Private View: Thursday 13 September 7pm - 9pm
A group exhibition showcasing the work of
a new generation of photographers
Fleur van Dodewaard
Rachel Bee Porter
curated by James Reid and Tom Watt
In these troubled and uncertain times of upheaval and dissent on a global scale, a new generation of photographers and image-makers is emerging. Steeped in the process of photography and versed in the psychology of the medium, they are exploring angst neuroses, notions of fragility and identity, perception and the subjectivity of photography itself.
The photographers included in the exhibition come from a diverse range of backgrounds, from fashion and still life to complex conceptual work, their work defying simple categorization. Despite the diversity of their practice, shared interests emerge and the conventional boundaries of photography are challenged and played with. Clare Strand’s Exquisite Corpse re-imagines the fashion shoot as a macabre mediation on surrealism and mutilation. Influenced by the Nelson and Bayliss’ book on the Elizabeth Short murder of 1947, also known as the The Black Dahlia case, the project brings together two major inspirations of Strand’s, forensic/crime photography and Dada/Surrealism. Appropriation also plays a major role in Nicole Belle’s Rev Sanchez series which uses negatives found in a thrift store featuring adolescents posing in a park. On closer inspection, it becomes apparent the artist has doubled, tripled or quadrupled each young person in different poses creating enigmatic portraits.
In the work of Jessica Eaton and Fleur van Dodewaard, it is the properties of image-making itself that are being explored and experimented with. Jessica Eaton’s striking abstract work includes homages to the work of Joseph Albers and Sol LeWitt using studio-based photography which plays with colour and form. Recording tones and shades rather than objects, her work is almost a record of pure technique. Fleur van Dodewaard similarly references the image-making process itself rather than the objects she photographs. Like Eaton, she creates images which are concerned with material,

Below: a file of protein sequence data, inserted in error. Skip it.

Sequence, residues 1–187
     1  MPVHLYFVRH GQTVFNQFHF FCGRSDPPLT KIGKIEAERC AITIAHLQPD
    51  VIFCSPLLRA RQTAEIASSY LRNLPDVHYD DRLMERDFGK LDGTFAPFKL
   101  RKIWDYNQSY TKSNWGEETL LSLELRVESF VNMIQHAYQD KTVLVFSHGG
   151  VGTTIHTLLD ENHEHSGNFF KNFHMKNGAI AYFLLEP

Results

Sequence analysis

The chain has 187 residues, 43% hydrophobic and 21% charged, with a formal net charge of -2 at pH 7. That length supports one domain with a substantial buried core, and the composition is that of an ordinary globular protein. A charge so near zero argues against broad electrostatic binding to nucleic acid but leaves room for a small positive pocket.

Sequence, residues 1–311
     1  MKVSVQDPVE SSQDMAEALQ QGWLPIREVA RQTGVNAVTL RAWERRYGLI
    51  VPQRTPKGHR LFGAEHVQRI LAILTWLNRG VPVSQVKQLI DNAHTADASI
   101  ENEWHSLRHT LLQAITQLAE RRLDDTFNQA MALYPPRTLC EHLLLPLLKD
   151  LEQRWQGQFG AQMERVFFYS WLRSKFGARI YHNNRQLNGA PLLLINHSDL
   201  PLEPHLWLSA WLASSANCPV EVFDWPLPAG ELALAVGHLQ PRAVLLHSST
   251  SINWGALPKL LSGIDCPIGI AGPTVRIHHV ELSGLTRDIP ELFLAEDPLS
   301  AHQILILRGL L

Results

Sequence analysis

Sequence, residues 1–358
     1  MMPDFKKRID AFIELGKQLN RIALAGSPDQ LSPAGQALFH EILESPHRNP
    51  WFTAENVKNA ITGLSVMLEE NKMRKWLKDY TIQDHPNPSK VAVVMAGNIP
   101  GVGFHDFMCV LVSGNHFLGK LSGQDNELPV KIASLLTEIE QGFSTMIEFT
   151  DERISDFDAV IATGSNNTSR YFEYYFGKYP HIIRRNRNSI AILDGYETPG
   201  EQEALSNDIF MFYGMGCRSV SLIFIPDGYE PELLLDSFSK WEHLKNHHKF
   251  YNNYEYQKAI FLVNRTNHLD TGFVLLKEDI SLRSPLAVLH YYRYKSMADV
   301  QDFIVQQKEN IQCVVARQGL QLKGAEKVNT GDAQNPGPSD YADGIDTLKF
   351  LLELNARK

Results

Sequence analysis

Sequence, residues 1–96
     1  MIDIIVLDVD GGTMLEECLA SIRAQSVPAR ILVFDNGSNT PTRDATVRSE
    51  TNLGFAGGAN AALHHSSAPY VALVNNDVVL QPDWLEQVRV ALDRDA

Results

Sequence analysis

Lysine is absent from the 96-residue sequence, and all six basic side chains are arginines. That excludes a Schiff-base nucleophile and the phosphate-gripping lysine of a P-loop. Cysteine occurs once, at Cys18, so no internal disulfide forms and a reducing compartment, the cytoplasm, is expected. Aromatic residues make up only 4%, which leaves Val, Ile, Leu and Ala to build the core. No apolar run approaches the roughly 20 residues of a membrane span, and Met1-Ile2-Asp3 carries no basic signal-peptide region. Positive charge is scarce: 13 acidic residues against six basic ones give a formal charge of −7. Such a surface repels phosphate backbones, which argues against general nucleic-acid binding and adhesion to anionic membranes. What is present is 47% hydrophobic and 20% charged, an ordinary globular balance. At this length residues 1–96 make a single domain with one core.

shape and colour rather than any fixed reality, and instead question the nature of photography and perception.
Others are interested in exploring ideas of identity, body dysmorphia and alienation. Asger Carlsen creates disturbing images of the human body, digitally manipulated into grotesque abstract forms or adapted using low-tech apparatus. Sabrina Bongiovanni and Barrie Huellegie work with surprising compositions, placing awkwardly posed models placed in different spatial planes, the sense of the surreal heightened by the use of acid-drenched colours. Dru Donovan investigates the idea of the body as a site of self-representation. In her work, twin sisters add false eye-lashes and make-up to each other, while in other images body builders and dancers a!empt to control and sculpt their form. Steven Braham’s series The Survival Proje! imagines the ingenuity we would be forced to adopt in order to survive an unspecified apocalyptic occurrence, where chaos and improvised objects describe a dark future. Rachel Bee Porter, schooled in the precision of food photography, creates disturbing Pollock-like images of food hurled again" 1950s style floral wallpaper hinting at some kind of major disturbance, or even crime scene.
Together these artists are exploring the world and the medium of photography in radical and experimental ways. What emerges is a twisted, sometimes apocalyptic vision of a world that has slipped on its axis revealing something dark, disquieting and not yet fully formed. There’s something happening here.